I'm Gwen Outen. And I'm Steve Ember with People in America in VOA Special English. Today we tell about one of the greatest painters of the twentieth century, Georgia O'Keeffe.
America has produced many great painters in the past one hundred years. Georgia O'Keeffe is one of the most popular and easily recognized artists. People do not mistake her work for anyone else's. People can immediately identify her paintings of huge, colorful flowers or bones in dream-like deserts.
Georgia O'Keeffe said she did not know how she got the idea to be an artist. But, she said, the idea came early. She remembered announcing when she was twelve years old that she planned to be an artist.
Georgia was born in eighteen eighty-seven, the second of seven children. Her parents were successful farmers in the middle western state of Wisconsin.
Georgia's mother also had cultural interests. She made sure that Georgia and her sisters studied art, in addition to their usual school subjects. By the time Georgia was sixteen, the O'Keeffe family had moved to Williamsburg, Virginia.
After Georgia finished school, she attended the Art Institute of Chicago, Illinois. Georgia was especially pleased with the help she got from her teacher, John Vanderpoel. She later wrote that John Vanderpoel was one of the few real teachers she knew.
In nineteen-oh-seven, O'Keeffe began a year at the Art Students League in New York City. The famous painter William Merritt Chase was one of her teachers. Chase had a great influence on O'Keeffe's early artistic development. She described him as fresh, full of energy and fierce. She seemed to understand and agree with his style of painting.
Then, in nineteen-oh-eight, Georgia O'Keeffe left the world of fine art. She moved back to Chicago and worked in the advertising business. She drew pictures of products to be sold. Her parents had been struggling financially for some time in Virginia. Later, her mother became sick with tuberculosis. Some art historians suspect these were the main reasons Georgia O'Keeffe spent four years in business instead of continuing her studies.
In nineteen twelve, O'Keeffe returned to art school at the University of Virginia in Charlottesville. Artist and teacher Arthur Wesley Dow taught that art should fill space in a beautiful way. This theory influenced and changed her work.
O'Keefe also learned about the Russian painter Wassily Kandinsky. He wanted artists to represent the inner spirit in outer things. O'Keeffe considered Kandinsky's writings a treasure. She read them throughout her life.
In nineteen fifteen, Georgia O'Keeffe decided that much of what she had been taught in art school was of little value. She decided to hang recent work she had done on the wall of her home. She examined it and did not find herself in the art. She wrote that she had been taught to work like others. She decided then that she would not spend her life doing what had already been done.
Georgia O'Keeffe began to search for her own style. She used only charcoal, the black material made from burned wood. In her book about her life, she wrote that she decided to limit herself to charcoal until she found she really needed color to do what she needed to do. She wrote that six months later she found she needed the color blue. She used it for a watercolor painting she called "Blue Lines."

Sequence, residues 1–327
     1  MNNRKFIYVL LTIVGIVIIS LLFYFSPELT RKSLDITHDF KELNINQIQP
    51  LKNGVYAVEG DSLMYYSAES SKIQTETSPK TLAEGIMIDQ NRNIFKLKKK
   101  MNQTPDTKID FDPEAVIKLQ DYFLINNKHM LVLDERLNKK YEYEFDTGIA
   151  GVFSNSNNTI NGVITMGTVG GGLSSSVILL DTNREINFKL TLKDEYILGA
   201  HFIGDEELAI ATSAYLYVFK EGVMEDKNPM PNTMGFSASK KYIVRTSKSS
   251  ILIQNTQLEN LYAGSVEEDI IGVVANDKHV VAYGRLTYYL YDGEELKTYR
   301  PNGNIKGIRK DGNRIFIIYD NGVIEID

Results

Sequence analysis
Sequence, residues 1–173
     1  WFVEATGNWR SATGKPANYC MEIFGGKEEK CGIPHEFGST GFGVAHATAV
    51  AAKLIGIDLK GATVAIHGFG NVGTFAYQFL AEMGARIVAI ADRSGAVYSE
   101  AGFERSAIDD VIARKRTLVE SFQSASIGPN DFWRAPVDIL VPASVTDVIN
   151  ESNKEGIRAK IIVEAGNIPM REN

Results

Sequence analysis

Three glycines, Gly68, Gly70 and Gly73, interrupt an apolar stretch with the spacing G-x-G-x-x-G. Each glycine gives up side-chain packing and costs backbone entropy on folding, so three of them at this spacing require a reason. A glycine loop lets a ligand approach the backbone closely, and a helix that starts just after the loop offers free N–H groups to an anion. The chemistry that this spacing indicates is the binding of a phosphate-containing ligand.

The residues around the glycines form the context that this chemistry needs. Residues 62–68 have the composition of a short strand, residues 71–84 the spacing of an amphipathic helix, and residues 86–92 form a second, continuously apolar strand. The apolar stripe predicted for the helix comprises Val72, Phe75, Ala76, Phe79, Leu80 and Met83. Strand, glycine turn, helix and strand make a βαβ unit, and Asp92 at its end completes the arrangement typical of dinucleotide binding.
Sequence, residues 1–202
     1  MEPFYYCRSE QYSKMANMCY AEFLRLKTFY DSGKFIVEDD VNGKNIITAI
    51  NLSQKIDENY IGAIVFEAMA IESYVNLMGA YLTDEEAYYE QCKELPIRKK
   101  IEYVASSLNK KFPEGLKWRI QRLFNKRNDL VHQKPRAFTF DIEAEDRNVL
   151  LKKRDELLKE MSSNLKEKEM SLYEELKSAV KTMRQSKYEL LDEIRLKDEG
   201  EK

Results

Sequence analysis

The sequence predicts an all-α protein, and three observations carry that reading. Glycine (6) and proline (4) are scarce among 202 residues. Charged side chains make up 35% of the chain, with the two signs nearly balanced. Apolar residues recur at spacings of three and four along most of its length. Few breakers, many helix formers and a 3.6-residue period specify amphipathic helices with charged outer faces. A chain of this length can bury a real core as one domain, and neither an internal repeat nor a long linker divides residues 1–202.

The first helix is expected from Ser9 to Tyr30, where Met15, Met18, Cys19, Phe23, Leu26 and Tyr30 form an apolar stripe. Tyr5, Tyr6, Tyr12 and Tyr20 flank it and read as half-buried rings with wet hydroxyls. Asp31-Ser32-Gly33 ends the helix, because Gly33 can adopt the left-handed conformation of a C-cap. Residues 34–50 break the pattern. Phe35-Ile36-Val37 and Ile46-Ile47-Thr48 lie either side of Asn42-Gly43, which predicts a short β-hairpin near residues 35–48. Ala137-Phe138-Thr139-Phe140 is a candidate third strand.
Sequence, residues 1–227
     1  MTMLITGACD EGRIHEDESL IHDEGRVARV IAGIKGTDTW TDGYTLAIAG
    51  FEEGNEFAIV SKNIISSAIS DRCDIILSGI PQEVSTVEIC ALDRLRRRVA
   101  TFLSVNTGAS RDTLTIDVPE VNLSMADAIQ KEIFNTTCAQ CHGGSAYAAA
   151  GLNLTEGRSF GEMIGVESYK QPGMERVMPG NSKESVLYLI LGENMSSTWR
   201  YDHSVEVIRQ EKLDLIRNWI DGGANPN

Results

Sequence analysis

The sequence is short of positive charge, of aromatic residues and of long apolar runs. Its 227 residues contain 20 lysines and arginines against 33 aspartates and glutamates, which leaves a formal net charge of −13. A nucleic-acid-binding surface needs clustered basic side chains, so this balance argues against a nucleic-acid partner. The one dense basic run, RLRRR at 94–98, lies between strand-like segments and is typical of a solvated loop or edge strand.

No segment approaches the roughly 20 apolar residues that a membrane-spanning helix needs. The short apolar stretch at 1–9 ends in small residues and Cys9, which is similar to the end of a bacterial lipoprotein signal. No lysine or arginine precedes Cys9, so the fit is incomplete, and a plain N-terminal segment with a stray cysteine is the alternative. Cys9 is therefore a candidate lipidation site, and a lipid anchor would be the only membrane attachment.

Georgia O'Keeffe had met the famous art critic and photographer Alfred Stieglitz at his New York City gallery in nineteen-oh-eight. Their friendship grew as they wrote letters to each other. In nineteen fifteen, O'Keeffe told a friend that she wanted her art to please Alfred Stieglitz more than anyone else.
That friend showed O'Keeffe's charcoal drawings to Stieglitz.? Stieglitz liked her drawings enough to show them in his art gallery, called Two Ninety One.
Alfred Stieglitz was a major force behind shows of Georgia O'Keeffe's work for the next twenty-five years. Her first individual show at his gallery was well received. She sold her first piece at that show in nineteen seventeen.
Stieglitz became O'Keeffe's strongest supporter. Seven years later he became her husband. He was twenty-four years older than his new wife.
The relationship between O'Keeffe and Alfred Stieglitz was not an easy one. O'Keeffe once said that to her "he was much more wonderful in his work than as a human being." But, she also said she loved him for what seemed "clear and bright and wonderful." The two remained married until his death in nineteen forty-six.
Georgia O'Keeffe also had a long love relationship with the southwestern part of the United States. The desert environment was the subject of many of her paintings. O'Keeffe had moved to the state of Texas when she was twenty-five. She accepted a two-year position as supervisor of art in the public schools of Amarillo, Texas.
Later, she taught in a small town. She wrote about long walks on narrow paths in a canyon near that town. The dangerous climbs in and out of the canyon were like nothing she had known before. She wrote that many paintings came from experiences like that.
In one such painting, the canyon is shown as a huge deep hole of many colors -- reds, oranges and yellows. It looks as if it is on fire.? The canyon fills most of the picture. A small area of blue sky in the distance lends additional depth to the picture.
In nineteen thirty, Georgia O'Keeffe began spending most of her summers in the state of New Mexico. She called it "the faraway." She painted big pictures of desert flowers and the high rocky hills. She also began to paint pictures of the bones she found during walks near her summer home. Most of her paintings share the qualities of largeness of subject and richness of color.